The Broadcast Education Association (BEA) announced last week the winners of its 2021 Festival of Media Arts. Among them were Reynolds School of Journalism faculty member Dr. Myrton Running Wolf and student Vanessa Ribeiro. Running Wolf won Best of Competition for Narrative Video, and Ribeiro won first place in the sound engineering and production category.
Both projects will advance to the Best of Festival competition in their prospective categories with winners being announced by the BEA on March 29, 2021. The BEA Festival of Media Arts accepted more than 1,300 entries from 250 colleges and universities in the competitions of audio, documentary, film & video, interactive multimedia, news, scriptwriting, sports and two-year colleges.
Using media production to build trust
Running Wolf and screenwriters Crystal English, JaShieka James, Mac Crutcher and Echo Running Wolf were recognized for their short film “Black Warrior of Pyramid Lake” - a dark comedy and psychological thriller about a Native American FBI agent and a white narcotics officer teaming up to chase down two serial killers. Running Wolf described the film as provocative and controversial.
“We look at Native American gang activity, at drug trafficking through tribal lands and at policing,” the assistant professor of race and media said. “Our storytelling leans on the Lakota Heyoka, sacred contrarians who used humor and inappropriate laughter to push against social norms. If those old customs are not strong, then our confrontational narrative may actually help to establish new social norms.”
Running Wolf’s team wrote the film’s screenplay in 2010 while he worked in production management for Disney-ABC Television. It won multiple awards including best screenplay at the Moondance International Film Festival and recognition as a finalist for the Tribeca All-Access Screenwriting Competition.
He and his local production team produced the first 20 minutes of the film in 2020 in Northern Nevada. The film was an official selection at the 2020 American Indian Film Festival and the 2020 L.A. Skins Fest.
Running Wolf said one of the main reasons for producing the film was to build trust between the university and tribal communities. He used a methodology from British anthropologist Victor Turner called the ritual process.
“Basically, you take two communities, say Native and non-Native…bring them together in a shared experience to create something new, to achieve a goal. Have them put aside their previous identities and work together.”
From discussing the day’s tasks over coffee at 5 a.m. to helping each other operate the camera, the labor-intensive process of media production helped develop a new sense of identity for the cast and crew.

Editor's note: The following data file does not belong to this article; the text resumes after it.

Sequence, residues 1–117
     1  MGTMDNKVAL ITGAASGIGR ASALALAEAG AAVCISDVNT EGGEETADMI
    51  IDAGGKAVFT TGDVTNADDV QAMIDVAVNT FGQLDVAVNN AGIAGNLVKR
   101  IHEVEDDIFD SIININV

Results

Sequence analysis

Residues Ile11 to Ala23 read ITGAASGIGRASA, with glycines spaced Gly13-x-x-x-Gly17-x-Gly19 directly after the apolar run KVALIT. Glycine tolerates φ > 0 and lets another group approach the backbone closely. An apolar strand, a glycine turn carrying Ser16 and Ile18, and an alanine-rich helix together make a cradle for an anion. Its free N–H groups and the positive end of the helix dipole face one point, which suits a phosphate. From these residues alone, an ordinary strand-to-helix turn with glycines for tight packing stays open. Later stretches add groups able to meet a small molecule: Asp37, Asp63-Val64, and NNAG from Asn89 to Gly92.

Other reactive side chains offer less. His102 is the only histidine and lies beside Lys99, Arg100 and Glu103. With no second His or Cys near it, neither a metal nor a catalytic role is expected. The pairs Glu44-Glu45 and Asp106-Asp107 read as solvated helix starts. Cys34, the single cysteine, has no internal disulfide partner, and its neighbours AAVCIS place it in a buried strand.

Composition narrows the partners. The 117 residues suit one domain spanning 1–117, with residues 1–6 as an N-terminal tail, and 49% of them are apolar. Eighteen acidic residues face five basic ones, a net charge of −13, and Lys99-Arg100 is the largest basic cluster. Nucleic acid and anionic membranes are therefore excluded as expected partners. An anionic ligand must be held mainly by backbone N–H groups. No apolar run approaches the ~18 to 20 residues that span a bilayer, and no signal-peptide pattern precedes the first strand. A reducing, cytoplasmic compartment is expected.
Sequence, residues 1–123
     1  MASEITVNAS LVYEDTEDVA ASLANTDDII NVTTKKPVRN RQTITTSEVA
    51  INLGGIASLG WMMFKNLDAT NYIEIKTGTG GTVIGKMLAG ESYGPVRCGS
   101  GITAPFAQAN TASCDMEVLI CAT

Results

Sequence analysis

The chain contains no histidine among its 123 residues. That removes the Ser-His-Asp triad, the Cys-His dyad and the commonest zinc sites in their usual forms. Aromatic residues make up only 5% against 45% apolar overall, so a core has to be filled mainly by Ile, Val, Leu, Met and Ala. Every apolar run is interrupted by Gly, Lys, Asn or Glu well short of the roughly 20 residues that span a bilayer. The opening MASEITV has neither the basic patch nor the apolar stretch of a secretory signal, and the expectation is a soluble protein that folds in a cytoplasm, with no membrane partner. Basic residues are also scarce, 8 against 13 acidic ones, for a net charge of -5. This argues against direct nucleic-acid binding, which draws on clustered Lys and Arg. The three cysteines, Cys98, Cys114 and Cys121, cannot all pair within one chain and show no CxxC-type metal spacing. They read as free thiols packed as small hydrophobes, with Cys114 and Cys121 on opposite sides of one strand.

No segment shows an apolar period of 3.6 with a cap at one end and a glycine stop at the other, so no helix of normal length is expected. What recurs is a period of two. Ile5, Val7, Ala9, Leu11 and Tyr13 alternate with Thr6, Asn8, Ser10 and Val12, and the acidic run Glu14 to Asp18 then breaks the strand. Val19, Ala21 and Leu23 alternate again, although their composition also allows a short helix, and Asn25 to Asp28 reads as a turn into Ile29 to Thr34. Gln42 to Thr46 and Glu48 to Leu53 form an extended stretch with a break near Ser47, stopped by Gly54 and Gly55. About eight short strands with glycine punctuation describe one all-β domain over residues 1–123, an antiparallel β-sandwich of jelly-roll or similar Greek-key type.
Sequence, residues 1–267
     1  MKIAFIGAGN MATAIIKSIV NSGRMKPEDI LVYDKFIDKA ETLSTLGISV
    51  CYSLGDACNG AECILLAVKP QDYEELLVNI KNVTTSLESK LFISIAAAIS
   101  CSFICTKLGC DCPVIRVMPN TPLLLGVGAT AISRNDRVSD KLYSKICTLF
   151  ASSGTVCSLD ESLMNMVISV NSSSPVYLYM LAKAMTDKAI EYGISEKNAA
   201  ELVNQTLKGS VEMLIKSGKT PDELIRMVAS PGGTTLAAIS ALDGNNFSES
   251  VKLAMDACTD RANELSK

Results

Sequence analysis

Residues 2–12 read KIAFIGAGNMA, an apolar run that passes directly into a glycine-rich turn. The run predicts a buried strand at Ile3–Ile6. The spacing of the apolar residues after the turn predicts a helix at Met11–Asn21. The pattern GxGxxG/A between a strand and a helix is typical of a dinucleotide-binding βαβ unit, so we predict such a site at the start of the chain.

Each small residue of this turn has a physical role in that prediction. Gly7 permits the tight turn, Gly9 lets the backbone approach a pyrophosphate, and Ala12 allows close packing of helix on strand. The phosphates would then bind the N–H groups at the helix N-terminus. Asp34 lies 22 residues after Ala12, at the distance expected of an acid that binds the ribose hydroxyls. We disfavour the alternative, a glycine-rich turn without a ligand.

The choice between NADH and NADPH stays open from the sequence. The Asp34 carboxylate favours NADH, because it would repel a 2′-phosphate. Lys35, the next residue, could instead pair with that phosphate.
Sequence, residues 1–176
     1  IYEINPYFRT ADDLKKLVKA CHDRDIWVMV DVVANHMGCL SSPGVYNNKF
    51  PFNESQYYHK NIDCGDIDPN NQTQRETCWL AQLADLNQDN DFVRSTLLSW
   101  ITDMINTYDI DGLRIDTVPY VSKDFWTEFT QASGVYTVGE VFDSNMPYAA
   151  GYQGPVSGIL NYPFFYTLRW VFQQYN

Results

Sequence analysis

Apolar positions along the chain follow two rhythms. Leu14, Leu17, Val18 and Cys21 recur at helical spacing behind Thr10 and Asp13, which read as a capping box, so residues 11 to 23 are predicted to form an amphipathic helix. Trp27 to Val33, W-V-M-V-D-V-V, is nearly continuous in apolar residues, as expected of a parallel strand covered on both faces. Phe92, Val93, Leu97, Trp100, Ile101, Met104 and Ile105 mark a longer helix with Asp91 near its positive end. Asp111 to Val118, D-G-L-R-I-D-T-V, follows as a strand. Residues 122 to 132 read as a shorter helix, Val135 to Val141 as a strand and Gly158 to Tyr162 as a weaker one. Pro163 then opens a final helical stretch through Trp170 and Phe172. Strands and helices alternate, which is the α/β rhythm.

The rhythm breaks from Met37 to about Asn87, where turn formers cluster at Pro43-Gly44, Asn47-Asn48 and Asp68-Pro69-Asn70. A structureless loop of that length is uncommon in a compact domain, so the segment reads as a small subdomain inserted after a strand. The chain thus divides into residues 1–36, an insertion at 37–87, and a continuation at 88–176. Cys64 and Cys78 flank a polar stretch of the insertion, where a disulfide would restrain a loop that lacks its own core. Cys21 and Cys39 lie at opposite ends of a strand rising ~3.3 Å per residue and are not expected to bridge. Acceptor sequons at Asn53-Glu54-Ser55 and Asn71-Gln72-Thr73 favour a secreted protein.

“It's not utopian by any means, but we began a process of creating a new sense of community, a new sense of identity. Through the work, we started to rebuild trust between Native and non-Native populations.”
Moving forward, Running Wolf hopes to produce the feature-length version of the film and, in an ideal world, it would be created in Northern Nevada.
“I was already talking with the tribe and with the governor and some state people about what it would take to convert the Stewart Indian School into a feature film and network television production [studio]. So, it would be part of a slate of projects that will come out of that.”
Developing skills to prepare for the workforce
Ribeiro and Andy Mills, a student at Truckee Meadows Community College, were recognized for their song “Lion’s Cage.” The song, which is about breaking free from a manipulative relationship, was originally created for an audio assignment in a Reynolds School media production course.
“I've always been a music gal. So, I was really excited to get the opportunity to write a song, produce a song, even sing for it,” Ribeiro said. Mills created the track and did most of the audio mixing for the song.
Ribeiro’s motivation to submit to the BEA festival came from an unconventional place. Her professor Melissa McClinton gave extra credit to students for submitting their class projects to outside award competitions. McClinton, an assistant professor of video production and immersive media, urges students to enter their projects into competitions as the practice helps them to think about their assignments as professional work.
“It's very important for students to recognize that they are young professionals, and every assignment is another opportunity to build a portfolio, an audience ---and accolades,” she said. “In all of my courses, I encourage students to navigate a way to stand out from the crowd and make their way to the front of the line.”
While Ribeiro considered her work to be of professional quality, she was surprised when she received an email from BEA about the first-place win.
“I just felt super excited and really encouraged and motivated to finish my website and to continue building my portfolio and contributing to my creation as a journalist, outside of just writing.”
When asked how sound production related back to her education in journalism, Ribeiro emphasized the importance of aspiring journalists developing multiple skillsets. This project developed her skills in audio production and editing, and she also practiced public relations by creating a press kit to promote the song.
“The more experience you have in different types of journalism and different types of storytelling, the more equipped you are to enter the workforce and the more equipped you are to offer full contributions to your team.”